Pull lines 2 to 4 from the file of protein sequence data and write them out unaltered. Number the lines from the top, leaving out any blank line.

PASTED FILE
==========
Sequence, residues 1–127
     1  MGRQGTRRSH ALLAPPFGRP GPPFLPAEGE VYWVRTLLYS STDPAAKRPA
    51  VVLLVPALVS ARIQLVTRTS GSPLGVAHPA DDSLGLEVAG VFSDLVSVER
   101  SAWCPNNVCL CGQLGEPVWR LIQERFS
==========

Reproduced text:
     1  MGRQGTRRSH ALLAPPFGRP GPPFLPAEGE VYWVRTLLYS STDPAAKRPA
    51  VVLLVPALVS ARIQLVTRTS GSPLGVAHPA DDSLGLEVAG VFSDLVSVER
   101  SAWCPNNVCL CGQLGEPVWR LIQERFS